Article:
The Senate Judiciary Committee will hear testimony this morning on several gun-control measures, including one that would make Oregon's already comprehensive background check law even more so. The bill should be approved.
Gun-control legislation has been the subject of exhaustive debate nationally and in the states since the massacre of children and staff at Sandy Hook Elementary School in Connecticut last December. The public and legislators are deeply divided over the most restrictive proposals, such as bans on semiautomatic assault weapons and high-capacity ammunition magazines. Those proposals essentially have been dropped in Congress, and Oregon lawmakers say they are unlikely to gain much traction here either.
But if there is one thing the vast majority of Americans agree on, it is strengthening background check requirements to keep guns out of the hands of criminals and the mentally ill.
A Quinnipiac University poll released Thursday reported 91 percent of registered voters favor universal background checks. Among households with guns, 88 percent of respondents were in favor. Other polls have consistently reported similar numbers, including a January poll that found 84 percent of gun owners and 74 percent of National Rifle Association members also supporter universal background checks.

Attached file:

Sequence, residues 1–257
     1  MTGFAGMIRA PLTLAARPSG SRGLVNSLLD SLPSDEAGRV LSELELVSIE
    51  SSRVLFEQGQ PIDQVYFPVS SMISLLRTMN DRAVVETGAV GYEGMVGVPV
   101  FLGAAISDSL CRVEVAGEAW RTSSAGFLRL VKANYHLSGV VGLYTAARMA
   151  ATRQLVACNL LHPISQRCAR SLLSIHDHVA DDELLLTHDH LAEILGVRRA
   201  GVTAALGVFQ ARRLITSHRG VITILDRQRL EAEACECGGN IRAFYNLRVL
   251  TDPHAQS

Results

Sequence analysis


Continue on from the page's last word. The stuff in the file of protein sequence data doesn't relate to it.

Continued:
Oregon law is already stronger in this regard than those of some states. Federally licensed gun dealers are required to perform background checks on purchasers, but laws in many states exempt sales at gun shows.
Oregon law does not contain the so-called "gun show exemption." But it does not apply to gun transactions between private individuals.
Senate Bill 700 would close that loophole by requiring private sellers to obtain a background check before selling a gun. They could perform the check themselves, or pay a gun dealer a fee to conduct it.
Those who oppose background checks scoff that criminals will simply ignore the law, so it will have no effect. In fact, the private-sale exemption allows criminals to get around the law now.
SB 700 does contain a narrow exemption allowing family members to transfer guns to one another without a background check, unless the family member transferring the gun knows or should have known the recipient was legally prohibited from possessing a gun.
Law-abiding gun owners should have no objection to this bill, because it should have no effect on their ability to purchase a gun.
Critics will argue that background checks don't work. Several studies indicate that checks are effective — but they cannot be expected to work if they are riddled with loopholes.